The Cleveland Clinic

Hypertension-Related Kidney Disease

Hypertension is a major cause of kidney disease and kidney failure (end-stage renal disease). Hypertension can cause damage to the blood vessels and filters in the kidney, making removal of waste from the body difficult.

What Are the Symptoms of Kidney Disease?

  • Hypertension
  • Decrease in amount of urine or difficulty urinating
  • Edema (fluid retention), especially in the lower legs
  • A need to urinate more often, especially at night

How Is Kidney Disease Diagnosed?

As with hypertension, you may not realize that you have kidney disease. Certain laboratory tests can indicate whether your kidneys are eliminating waste products properly. These tests include serum creatinine and blood urea nitrogen (BUN); too much of either can indicate kidney damage. Proteinuria, an excess of protein in the urine, is also a sign of kidney disease.

Who Is At Risk for Hypertension-Related Kidney Disease?

Hypertension-related kidney disease affects every group and race. However, certain groups are at higher risk, including:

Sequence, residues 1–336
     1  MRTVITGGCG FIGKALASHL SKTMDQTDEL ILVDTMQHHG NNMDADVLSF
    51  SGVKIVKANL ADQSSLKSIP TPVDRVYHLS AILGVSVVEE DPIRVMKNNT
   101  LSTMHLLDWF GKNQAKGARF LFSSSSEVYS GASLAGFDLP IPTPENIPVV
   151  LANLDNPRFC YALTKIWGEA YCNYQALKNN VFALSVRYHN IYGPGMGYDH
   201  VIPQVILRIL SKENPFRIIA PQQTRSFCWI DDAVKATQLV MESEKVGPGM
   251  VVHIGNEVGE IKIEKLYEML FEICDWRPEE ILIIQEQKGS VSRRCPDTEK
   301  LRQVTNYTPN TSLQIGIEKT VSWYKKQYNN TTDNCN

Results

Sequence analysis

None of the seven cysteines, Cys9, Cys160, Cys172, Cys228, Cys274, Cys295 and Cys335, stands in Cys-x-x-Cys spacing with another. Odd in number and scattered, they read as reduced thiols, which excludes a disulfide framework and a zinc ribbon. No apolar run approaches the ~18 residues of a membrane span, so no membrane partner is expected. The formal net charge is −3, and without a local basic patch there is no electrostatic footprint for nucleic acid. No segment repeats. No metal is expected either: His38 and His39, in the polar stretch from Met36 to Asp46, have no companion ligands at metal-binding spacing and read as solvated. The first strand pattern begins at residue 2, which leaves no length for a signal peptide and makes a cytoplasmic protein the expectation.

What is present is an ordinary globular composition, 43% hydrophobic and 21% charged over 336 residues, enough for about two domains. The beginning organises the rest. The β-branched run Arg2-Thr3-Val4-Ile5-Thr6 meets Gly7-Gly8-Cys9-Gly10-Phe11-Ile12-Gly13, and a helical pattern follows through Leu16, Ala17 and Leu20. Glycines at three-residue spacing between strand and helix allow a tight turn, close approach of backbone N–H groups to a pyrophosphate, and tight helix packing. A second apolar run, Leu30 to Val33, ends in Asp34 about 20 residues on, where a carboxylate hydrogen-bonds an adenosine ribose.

• African-Americans
  • Hispanic-Americans
  • American Indians
  • Natives of Alaska
  • People who have diabetes
  • People with a family history of hypertension and kidney disease

How Can I Prevent Kidney Disease?

To prevent hypertension-related kidney damage:

  • Try to keep your blood pressure below 130/80.
  • Make sure you get your blood pressure checked on a regular basis.
  • Eat a proper diet.
  • Take the medication your doctor prescribes.

How Is Kidney Disease Treated?

For patients who have hypertension and kidney disease, ACE inhibitor and angiotensin II receptor blocker drugs lower blood pressure and protect the kidneys from further damage.

Reviewed by the doctors at The Cleveland Clinic, Department of Plastic Surgery.
Edited by Cynthia Haines, MD, Sept. 2004.

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Last Editorial Review: 8/16/2006